Zepp is a relative new entrant into the smartwatch field and it has sasched in with one of the most attractive earables currently on the market.
Taste is subjective but the Zepp Z, with its brushed and polished titanium body and chronograph style, has few competitors when it comes to a smartwatch that suits formal attire.
However, as with most newcomers to a market, there are some limitations and room for improvement. The question is whether this truly beautiful form trumps function.
Zepp Z: The look and comfort
So it will come as no surprise revealation that the Zepp Z is just gorgeous on the wrist.
Apparently the body is carved from a single piece of titanium and it looks worth every cent of its premium US$349 (£260) price tag.
At 46mm in diameter the watch dominates the wrist but being made from titanium it feels lightweight and comfortable.
With two buttons and a crown and five minute and seconds intervals engraved, the Zepp Z sits comfortably alongside any conventional and formal ‘dumb’ watch at the same price.
It comes with a nice brown leather stitched strap but this can be swapped for any 22mm strap – something those who want to utilise the sports and swimming functions will want to do.
Zepp Z: Tech and performance
The eye-catching feature, along with the design, is the battery performance.
Now the battery itself is 340mAh and, for comparison, the excellent Ticwatch Pro 3 is 577mAh yet it blows the competition out of the water. The Ticwatch will comfortably do two days with everything – including the screen – on: the Zepp Z watch is easily doing four days.
The manufacturer says it can hit 15 days but undoubtedly that will be making some compromises on function and four days is just phenomenal. To again put it in context, the 3rd generation Motorola which is similar in aesthetic beauty, struggles to do a day.
The 1.39 inch touchscreen is AMOLED with a resolution 454×454 and 326 ppi and again you’ll struggle to find anything superior. It pops so well that you can dial the brightness right down without struggling for it to be seen in direct sunlight.
In terms of performance there is no sign of lag and the touchscreen is responsive, although that crown is not just for show – it can be used to navigate instead of the screen, again something that is becoming almost a must these days.
Zepp is promising to bring Alexa onboard as well, but that has yet to drop as an update.
Zepp Z: Fitness and health features + the Zepp ecosystem
Usually we’d split these categories but to balance up the best and worst of the Zepp Z it is probably best to look at the health and fitness features alongside the company’s ecosystem and app.
Many of the health monitoring – heart rate, sleep, SO2 and stress – are present and very well done, wrapping nicely into what is the nicely-presented Zepp app.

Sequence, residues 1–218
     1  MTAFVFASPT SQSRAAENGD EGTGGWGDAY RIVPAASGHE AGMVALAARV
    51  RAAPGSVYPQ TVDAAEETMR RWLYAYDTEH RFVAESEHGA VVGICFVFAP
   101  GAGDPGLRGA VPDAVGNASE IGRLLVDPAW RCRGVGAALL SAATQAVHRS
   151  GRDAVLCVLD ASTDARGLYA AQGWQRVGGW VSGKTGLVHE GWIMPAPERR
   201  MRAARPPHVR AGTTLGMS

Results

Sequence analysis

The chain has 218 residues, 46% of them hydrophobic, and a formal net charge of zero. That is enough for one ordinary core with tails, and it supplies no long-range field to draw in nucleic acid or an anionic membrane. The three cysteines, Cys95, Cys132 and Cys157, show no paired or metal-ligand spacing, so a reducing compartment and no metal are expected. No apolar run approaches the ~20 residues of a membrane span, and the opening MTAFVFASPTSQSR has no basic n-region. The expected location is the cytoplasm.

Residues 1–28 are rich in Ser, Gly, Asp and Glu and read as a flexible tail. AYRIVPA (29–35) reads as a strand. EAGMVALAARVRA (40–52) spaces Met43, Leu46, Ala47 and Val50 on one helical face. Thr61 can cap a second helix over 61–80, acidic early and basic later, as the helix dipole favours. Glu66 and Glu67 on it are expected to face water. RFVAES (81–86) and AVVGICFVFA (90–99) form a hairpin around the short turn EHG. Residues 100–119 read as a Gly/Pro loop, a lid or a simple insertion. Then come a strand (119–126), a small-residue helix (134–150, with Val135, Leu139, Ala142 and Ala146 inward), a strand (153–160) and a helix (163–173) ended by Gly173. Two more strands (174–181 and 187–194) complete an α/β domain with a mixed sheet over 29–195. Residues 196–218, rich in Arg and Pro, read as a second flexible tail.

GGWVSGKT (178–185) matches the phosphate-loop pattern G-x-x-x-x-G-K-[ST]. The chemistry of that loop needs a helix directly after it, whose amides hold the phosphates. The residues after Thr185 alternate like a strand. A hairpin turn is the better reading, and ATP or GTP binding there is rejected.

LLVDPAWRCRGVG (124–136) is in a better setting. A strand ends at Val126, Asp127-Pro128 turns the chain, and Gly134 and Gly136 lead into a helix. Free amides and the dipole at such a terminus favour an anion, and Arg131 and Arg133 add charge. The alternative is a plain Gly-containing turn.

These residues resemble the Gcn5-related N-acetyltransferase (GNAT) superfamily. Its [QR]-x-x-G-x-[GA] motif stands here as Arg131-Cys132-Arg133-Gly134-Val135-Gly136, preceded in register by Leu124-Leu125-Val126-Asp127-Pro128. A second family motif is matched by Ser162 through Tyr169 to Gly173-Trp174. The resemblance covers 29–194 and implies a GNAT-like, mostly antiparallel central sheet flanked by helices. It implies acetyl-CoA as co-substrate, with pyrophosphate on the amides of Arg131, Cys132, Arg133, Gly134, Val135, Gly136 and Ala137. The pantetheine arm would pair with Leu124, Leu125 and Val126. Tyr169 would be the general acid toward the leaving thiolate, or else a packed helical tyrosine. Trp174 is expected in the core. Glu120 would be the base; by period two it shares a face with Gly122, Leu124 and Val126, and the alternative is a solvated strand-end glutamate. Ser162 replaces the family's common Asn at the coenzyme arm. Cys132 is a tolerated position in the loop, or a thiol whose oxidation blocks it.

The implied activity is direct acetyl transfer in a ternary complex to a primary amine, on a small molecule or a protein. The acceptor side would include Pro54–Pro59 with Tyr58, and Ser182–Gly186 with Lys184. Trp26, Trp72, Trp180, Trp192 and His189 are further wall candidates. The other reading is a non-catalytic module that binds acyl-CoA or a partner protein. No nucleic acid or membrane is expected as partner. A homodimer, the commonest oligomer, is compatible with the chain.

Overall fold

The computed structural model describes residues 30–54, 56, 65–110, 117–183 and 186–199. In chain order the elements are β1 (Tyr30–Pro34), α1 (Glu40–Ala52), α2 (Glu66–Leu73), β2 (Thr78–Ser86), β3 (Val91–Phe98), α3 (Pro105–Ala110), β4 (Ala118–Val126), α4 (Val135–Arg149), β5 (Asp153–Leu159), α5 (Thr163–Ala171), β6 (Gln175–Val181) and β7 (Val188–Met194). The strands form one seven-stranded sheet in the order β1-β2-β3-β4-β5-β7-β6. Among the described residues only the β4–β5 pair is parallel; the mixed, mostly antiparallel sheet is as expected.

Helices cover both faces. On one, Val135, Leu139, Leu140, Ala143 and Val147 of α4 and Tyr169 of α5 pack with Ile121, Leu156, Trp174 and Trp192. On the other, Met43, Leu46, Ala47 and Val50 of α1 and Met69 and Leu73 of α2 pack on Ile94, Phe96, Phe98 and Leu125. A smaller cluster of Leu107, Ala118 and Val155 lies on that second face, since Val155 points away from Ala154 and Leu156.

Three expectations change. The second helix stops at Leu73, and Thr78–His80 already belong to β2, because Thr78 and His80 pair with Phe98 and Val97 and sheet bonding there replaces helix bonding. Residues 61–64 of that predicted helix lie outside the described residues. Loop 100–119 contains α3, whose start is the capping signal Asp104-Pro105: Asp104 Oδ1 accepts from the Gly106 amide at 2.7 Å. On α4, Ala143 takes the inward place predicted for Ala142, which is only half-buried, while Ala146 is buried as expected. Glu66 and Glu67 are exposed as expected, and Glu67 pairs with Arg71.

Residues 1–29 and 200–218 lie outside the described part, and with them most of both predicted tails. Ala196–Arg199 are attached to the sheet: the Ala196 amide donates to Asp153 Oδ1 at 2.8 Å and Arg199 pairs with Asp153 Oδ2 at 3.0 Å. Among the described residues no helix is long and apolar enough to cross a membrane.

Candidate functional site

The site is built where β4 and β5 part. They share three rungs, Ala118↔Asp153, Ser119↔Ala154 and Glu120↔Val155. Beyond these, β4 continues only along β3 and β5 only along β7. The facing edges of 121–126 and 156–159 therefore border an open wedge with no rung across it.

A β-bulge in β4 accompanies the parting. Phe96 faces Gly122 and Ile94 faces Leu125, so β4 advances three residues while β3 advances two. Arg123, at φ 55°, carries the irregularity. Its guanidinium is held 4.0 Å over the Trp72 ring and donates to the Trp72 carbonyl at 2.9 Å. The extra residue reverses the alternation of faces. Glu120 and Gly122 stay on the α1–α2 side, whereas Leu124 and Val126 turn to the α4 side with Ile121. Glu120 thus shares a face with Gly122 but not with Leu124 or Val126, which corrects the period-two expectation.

Those health measurements are used to produce what Zepp calls its PAI score, with a running total of more than 100 being the indicator that you are in fine fettle. It will also give you the age matching your current fitness state, and while its probably a bit of a gimmick, it all works nicely as a motivational tool.
But the Zepp Z can be a bit stingy on the step count, routinely not logging short movements around the house or office – meaning you can be 10 per cent down on your day’s total – while tracking runs or cycle rides has a frustrating flaw.
It appears the Zepp Z needs time for its GPS to kick in before it will start logging your journey and that is not quick. When it does, it is very accurate but you do face the problem of setting off and not having those first few hundred metres – or in my case first kilometre – not being recorded.
Similarly notifications are pretty basic.
They all come through, and in good time, but there is no ability to reply to messages. It all speaks to an ecosystem that still needs a lot of development when you put it side-by-side against Wear OS or Tizen.
Zepp Z: The verdict
Really it is that final point about the Zepp ecosystem that you will need to weigh against the undoubted merits of the Z watch.
It really is, in my eyes, best in class when it comes to design and battery life, while the background health monitoring seems very on point.
But niggles like notification replies, lack of third-party apps, and limited watchface options will deter those who are looking to upgrade from their present smartwatch.
The hope, while operating systems for Android-focussed smartwatches remain so fragmented, that Zepp is able to develop an ecosystem as flawless as the Z’s hardware.
- Huami, Zepp’s parent company, provided the watch for this review but did not receive any copy approval or have any input